Las Vegas monorail extension plans $172 million balloon

The Las Vegas Monorail Co. essentially asked Clark County commissioners on Tuesday to ensure that a public contribution of up to $135 million would be available to the company if needed for a pair of system expansions.

Additionally, the company said the projected cost of the extensions and the two planned stations had risen to $172 million, an increase of $62 million from the original estimate.

Extending the monorail to Mandalay Bay and building a new station in the commercial area would cost $140 million, according to figures provided to the county. A proposed station at the MSG Sphere at The Venetian that would serve the nearby Sands Expo and Convention Center and The Venetian and Palazzo properties via a pedestrian walkway would cost around $32 million.

Las Vegas Monorail Co. President Curtis Myles said the public contribution of $135 million would be used if needed. The money is said to come from a 2017 agreement with the county that provided $4.5 million in hotel room tax revenue to be available annually to Monorail Co. in the event of an emergency.

The agreement contains a clause stating that the county can cancel the agreement at any time and that no money is guaranteed to be distributed to the monorail in any given year.

This agreement should be reworked to ensure that the $4.5 million per year would be available for 30 years if needed and to remove the county’s ability to cancel the agreement at any time to appease potential lenders for the projects. of monorail.

Commissioner Larry Brown noted that this would be the first time the county has considered this type of investment with a private company.

Two loans requested

This guarantee is much needed as Myles said the company is now seeking two different loans, one for the MSG Sphere project and the other for the Mandalay Bay expansion, instead of one large loan for both.

“Discussions with lenders and the market for this type of project are relatively tight for funding,” Myles said. “These lenders have suggested that we stagger the financing of this one so that we can complete part of the project (MSG Sphere station) in advance, while the rest of the project (Mandalay Bay) is developed and we fulfill our obligation. at the airport.”

The funding in question for the MSG Sphere station depends on the progress of the entire project, Myles said. The lender provided the company with an aggressive timeline for its finances to be aligned by the end of May, but said it believed it was more realistic to expect early June.

“After that window closes, that particular capital is no longer available,” he said. “If this capital is no longer available, it is very likely that we will not do either financing, because this lender also plans to participate in the larger financing as well.”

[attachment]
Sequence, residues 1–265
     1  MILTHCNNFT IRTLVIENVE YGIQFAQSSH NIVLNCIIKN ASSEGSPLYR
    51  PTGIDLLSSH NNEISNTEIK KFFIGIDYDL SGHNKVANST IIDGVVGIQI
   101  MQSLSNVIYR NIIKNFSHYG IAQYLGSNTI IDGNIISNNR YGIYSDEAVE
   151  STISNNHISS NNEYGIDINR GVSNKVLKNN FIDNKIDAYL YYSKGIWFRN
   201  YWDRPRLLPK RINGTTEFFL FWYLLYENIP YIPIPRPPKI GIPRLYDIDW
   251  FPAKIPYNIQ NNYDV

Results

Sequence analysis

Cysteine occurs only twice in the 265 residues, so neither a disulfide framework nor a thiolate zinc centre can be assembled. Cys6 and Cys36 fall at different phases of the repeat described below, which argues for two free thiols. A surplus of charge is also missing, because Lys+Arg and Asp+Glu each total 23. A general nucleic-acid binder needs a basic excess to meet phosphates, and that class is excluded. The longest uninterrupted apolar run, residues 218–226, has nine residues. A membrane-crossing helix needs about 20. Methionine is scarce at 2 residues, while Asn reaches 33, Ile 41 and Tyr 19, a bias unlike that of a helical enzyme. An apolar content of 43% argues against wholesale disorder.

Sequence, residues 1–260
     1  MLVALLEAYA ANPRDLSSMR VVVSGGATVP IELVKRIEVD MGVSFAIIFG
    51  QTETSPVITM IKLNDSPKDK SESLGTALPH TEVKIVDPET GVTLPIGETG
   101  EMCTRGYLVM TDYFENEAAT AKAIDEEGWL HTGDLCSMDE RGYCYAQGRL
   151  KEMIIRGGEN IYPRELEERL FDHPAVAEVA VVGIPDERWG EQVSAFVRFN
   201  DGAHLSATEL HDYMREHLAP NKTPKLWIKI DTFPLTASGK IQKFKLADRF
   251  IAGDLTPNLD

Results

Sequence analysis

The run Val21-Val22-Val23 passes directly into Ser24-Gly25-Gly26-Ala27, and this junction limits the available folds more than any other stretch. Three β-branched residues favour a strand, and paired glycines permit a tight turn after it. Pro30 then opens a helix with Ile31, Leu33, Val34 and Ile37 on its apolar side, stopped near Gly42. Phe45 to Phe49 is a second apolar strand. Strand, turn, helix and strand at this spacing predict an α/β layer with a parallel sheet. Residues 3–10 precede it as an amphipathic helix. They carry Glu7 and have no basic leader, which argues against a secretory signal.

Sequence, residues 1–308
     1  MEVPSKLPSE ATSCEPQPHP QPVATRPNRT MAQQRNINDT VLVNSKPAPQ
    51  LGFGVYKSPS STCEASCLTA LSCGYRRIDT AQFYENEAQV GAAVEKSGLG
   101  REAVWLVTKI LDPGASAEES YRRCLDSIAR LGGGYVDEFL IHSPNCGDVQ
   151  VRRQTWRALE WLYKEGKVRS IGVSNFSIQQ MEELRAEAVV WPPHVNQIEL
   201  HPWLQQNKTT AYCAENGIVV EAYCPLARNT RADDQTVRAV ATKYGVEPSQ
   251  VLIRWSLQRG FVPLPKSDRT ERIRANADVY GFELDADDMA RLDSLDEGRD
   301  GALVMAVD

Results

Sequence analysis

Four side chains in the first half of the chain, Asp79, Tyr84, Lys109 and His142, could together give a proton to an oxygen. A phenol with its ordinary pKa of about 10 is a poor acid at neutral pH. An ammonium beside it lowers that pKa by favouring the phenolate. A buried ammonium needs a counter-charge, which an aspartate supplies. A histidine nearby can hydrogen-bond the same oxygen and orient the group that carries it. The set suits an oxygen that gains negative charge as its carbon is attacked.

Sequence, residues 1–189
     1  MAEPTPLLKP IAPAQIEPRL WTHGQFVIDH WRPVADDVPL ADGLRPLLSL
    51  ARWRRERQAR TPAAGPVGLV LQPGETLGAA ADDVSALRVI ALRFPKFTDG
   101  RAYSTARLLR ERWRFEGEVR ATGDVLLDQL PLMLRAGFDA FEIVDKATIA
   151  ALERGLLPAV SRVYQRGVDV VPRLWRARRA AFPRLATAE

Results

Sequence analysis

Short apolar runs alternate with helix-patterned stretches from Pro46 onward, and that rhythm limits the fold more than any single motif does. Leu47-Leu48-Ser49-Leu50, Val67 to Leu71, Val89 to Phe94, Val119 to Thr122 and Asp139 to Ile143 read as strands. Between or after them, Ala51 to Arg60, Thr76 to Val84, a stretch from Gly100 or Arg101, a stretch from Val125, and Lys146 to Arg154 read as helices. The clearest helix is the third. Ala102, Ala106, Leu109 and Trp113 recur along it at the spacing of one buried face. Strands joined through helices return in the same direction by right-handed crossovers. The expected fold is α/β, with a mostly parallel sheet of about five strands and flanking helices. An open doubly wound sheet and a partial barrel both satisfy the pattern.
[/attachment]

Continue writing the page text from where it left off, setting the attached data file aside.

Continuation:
County Attorney Mary Ann Miller said she was concerned about the requested change in language, which removed any air of optimism from the meeting.

“What the monorail company is asking you to do is change that completely and make it a requirement…and the only reason you’re doing that is because you’ve been presented with lenders requiring it. “said Miller. “So under contract law they would be considered third party beneficiaries of this contract.”

Miller feared that if the Monorail Co. went bankrupt again, the lenders might somehow rely on the county financially.

Myles insisted that the company’s projections show the only instance the monorail would seek a $4.5 million payment would be to secure the original loan from the lenders.

“Our projections show that you would make this transfer once, and never again,” he said. “Our projections show that we will be able to do what this funding will allow us to do.”

Myles also said the financial support he expects from resorts is factored into lenders’ decision to lend the monorail financing.

“Based on the conversations we’ve had to date, I’m very confident that we will get the[resorts’]participation needed to secure the loan,” he said. “Today I feel the support would come in the form of debt investment.”

Upcoming debt payment

The Monorail Co. faced financial instability for much of its existence.

After filing for bankruptcy in 2010, the company’s debt was reduced from $650 million to $13 million.

The Monorail Co. is on the hook for a payment of $10 million in principal plus interest in July, and Monorail spokeswoman Ingrid Reisman said there is no reason to believe that would not happen.

“We paid off all our debts, I don’t see why it would be any different,” she said.

She declined to comment on whether the request to get the guaranteed $4.5 million per year would be detrimental to the company paying that debt.

Reisman also denied a request from the Review-Journal for updated ridership figures, and Miller said the county had not received updated numbers either.

The Monorail Co. and the commissioners are expected to discuss the $4.5 million a year issue over the next few weeks, and it will be heard from again at an upcoming board meeting.

Despite this, Miller cautioned board members against changing the 2017 agreement and the possible ramifications.

“We’re not in the finance company business,” Miller said. “There are hurdles to jump through if you want to get rid of the cancellation policy or try to get around the budget appropriations laws. There are legal issues that do everything they asked for.

The Review-Journal is owned by the family of Las Vegas Sands Corp. Chairman and CEO Sheldon Adelson. Las Vegas Sands operates The Venetian and Palazzo.

Contact Mick Akers at [email protected] or 702-387-2920. To follow @mickakers on Twitter.

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